3. ^ Linda Gail Arrigo. "Patterns of Personal and Political Life Among Taiwanese-Americans" (PDF). Retrieved 2016-07-29.
  4. ^ Lai, Him Mark. Becoming Chinese American: A History of Communities and Institutions. p. 245.
  5. ^ Cunningham 2009, p. 97
  6. ^ Yang 2001, p. 899
  7. ^ 2009, p. 95
  8. ^ "Archived copy" (PDF). Archived from the original (PDF) on 18 October 2013. Retrieved 26 February 2014.
  9. ^ "Sangley, Intsik und Sino : die chinesische Haendlerminoritaet in den Philippine". Retrieved 2016-07-29.
  10. ^ "The ethnic Chinese variable in domestic and foreign policies in Malaysia and Indonesia" (PDF). Retrieved 2012-04-23.
  11. ^ "Senate declares Chinese New Year as special working holiday". Retrieved 2016-07-29.
  12. ^ Ng, Maria; Philip Holden (1 September 2006). Reading Chinese transnationalisms: society, literature, film. Hong Kong University Press. p. 20. ISBN 978-962-209-796-4.
  13. ^ "China Expat - Chinese Cultural Observations From The Western Perspective -". China Expat - Chinese Cultural Observations From The Western Perspective.
  14. ^ "The First Chinese Contract Laborers in Hawaii, 1852" (PDF). Retrieved 2016-07-29.
  15. ^ "Filipino American History". Northern California Pilipino American Student Organization. California State University, Chico. January 29, 1998. Retrieved June 7, 2011. These Filipino pioneers were known as the "manong generation" since most of them came from Ilokos Sur, Iloilo, and Cavite in the Philippines.
  16. ^ "Learn about our culture". Filipino Student Association. Saint Louis University. Retrieved June 7, 2011. These Filipino pioneers were known as the "manong generation" since most of them came from Ilokos Sur, Iloilo, and Cavite in the Philippines.
  17. ^ Jackson, Yo (2006). Encyclopedia of multicultural psychology. Thousand Oaks, California: SAGE. p. 216. ISBN 978-1-4129-0948-8. Retrieved June 7, 2011. Included in this group were Pensionados, Sakadas, Alaskeros, and Manongs primarily from the Illocos and Visayas regions. "
  18. ^ Starr, Kevin (2009). Golden dreams: California in an age of abundance, 1950–1963. New York: Oxford University Press US. p. 450. ISBN 978-0-19-515377-4. Retrieved April 27, 2011. They were, however, officially under the protection of the United States, which governed the Philippines, and herein they took a distinctive characteristics. First of all, they had been inculcated in the Philippines, through the American-sponsored education system and through the general point of view of a colonial society strongly under American influence, in the belief that all men were created equal, in fact and under the law, and that included them. Second, they spoke English, excellently in many cases, thanks once again to the American sponsored educational system in the Philippines. Filipino migrant workers did not see themselves as aliens. "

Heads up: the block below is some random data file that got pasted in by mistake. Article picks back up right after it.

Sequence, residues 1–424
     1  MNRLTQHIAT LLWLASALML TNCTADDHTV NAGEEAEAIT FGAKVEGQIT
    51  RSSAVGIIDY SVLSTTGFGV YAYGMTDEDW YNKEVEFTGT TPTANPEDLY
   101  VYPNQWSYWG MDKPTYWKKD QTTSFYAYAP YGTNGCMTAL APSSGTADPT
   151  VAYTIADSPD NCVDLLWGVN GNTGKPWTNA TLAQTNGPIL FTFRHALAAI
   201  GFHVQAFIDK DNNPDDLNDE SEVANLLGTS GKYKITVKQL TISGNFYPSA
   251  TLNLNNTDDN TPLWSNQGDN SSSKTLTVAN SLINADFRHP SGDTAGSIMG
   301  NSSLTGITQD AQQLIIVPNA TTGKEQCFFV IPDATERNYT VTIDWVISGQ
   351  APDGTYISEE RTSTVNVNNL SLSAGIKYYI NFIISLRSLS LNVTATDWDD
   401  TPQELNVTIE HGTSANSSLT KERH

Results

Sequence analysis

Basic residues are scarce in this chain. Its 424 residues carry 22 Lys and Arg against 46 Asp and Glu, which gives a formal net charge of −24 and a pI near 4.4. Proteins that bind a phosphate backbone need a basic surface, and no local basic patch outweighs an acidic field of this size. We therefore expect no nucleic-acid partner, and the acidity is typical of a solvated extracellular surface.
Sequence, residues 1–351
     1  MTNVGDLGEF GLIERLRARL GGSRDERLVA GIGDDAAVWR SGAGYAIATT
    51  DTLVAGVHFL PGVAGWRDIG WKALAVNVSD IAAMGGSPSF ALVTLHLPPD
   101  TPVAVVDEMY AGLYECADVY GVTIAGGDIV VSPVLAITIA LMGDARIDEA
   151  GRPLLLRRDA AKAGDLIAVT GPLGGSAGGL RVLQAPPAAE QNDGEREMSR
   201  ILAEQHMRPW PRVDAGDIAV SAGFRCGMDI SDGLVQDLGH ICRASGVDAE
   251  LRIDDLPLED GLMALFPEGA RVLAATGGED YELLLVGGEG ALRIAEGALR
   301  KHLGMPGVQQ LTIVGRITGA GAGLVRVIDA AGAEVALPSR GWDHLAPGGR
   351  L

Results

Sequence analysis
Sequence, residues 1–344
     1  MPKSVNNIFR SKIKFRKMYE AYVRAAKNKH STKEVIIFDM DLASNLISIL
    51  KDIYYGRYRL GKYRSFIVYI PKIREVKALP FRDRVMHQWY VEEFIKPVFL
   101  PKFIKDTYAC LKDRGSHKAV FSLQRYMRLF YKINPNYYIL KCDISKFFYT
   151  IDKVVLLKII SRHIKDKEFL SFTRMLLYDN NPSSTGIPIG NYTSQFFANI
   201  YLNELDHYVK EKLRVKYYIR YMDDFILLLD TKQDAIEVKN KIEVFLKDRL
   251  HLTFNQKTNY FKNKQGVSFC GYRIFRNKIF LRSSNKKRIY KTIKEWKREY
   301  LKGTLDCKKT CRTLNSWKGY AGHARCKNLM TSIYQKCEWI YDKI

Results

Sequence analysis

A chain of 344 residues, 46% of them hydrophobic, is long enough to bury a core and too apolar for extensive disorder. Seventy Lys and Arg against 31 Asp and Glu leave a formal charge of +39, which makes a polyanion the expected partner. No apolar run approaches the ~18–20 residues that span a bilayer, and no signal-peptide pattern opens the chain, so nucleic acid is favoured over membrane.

19. ^ Austin, Joe; Michael Willard (1998). Generations of youth: youth cultures and history in twentieth-century America. New York: NYU Press. pp. 118–135. ISBN 978-0-8147-0646-6. Retrieved April 27, 2011.
  20. ^ Woo Louie, Emma. Chinese American Names: Tradition and Transition. p. 41.
  21. ^ Lai, Him Mark. Becoming Chinese American: A History of Communities and Institutions. p. 243
  22. ^ "Baiyu releases new EP - Asian American Press".
  23. ^ [1]
  24. ^ "Protected Blog › Log in".
  25. ^ a b Chua, Amy (2011). Battle Hymn of the Tiger Mother. Penguin Press. p. 14. ISBN 978-1-59420-284-1.
  26. ^ "陈志坚当选美国科学院院士" (in Chinese). Fujian Association for Science and Technology. Retrieved 20 May 2014.
  27. ^ "My life: Janet Hsieh". Retrieved 17 August 2018.
  28. ^ a b Chinese Americans: The History and Culture of a People


  • Yang, Eveline (2001), "Indonesian Americans", in Lehman, Jeffrey, Gale Encyclopedia of Multicultural America, 2 (second ed.), Gale Group, pp. 897–905, ISBN 978-0-7876-3986-0
  • Barnes, Jessica S.; Bennett, Claudette E. (February 2002), The Asian Population: 2000 (PDF), U.S. Census 2000, U.S. Department of Commerce, retrieved 2009-09-30
  • Cunningham, Clark E. (2009), "Unity and Diversity among Indonesian Migrants to the United States", in Ling, Huping, Emerging Voices: Experiences of Underrepresented Asian Americans, Rutgers University Press, pp. 90–125, ISBN 978-0-8135-4342-0
  • Sukmana, Damai (January 2009), "Game of Chance: Chinese Indonesians Play Asylum Roulette in the United States", Inside Indonesia, 95, ISSN 0814-1185, retrieved 31 January 2010
  • Ding, Picus Sizhi, Southern Min (Hokkien) as a Migrating Language, Springer, 2016
  • Brown, Melissa J., Is Taiwan Chinese?: The Impact of Culture, Power, and Migration on Changing Identities (Berkeley Series in Interdisciplinary Studies of China), University of California Press, 2004
  • edited by Robin M Boylorn, Mark P Orbe, Critical Autoethnography: Intersecting Cultural Identities in Everyday Life, Routledge, 2013
This page was last edited on 15 June 2020, at 18:20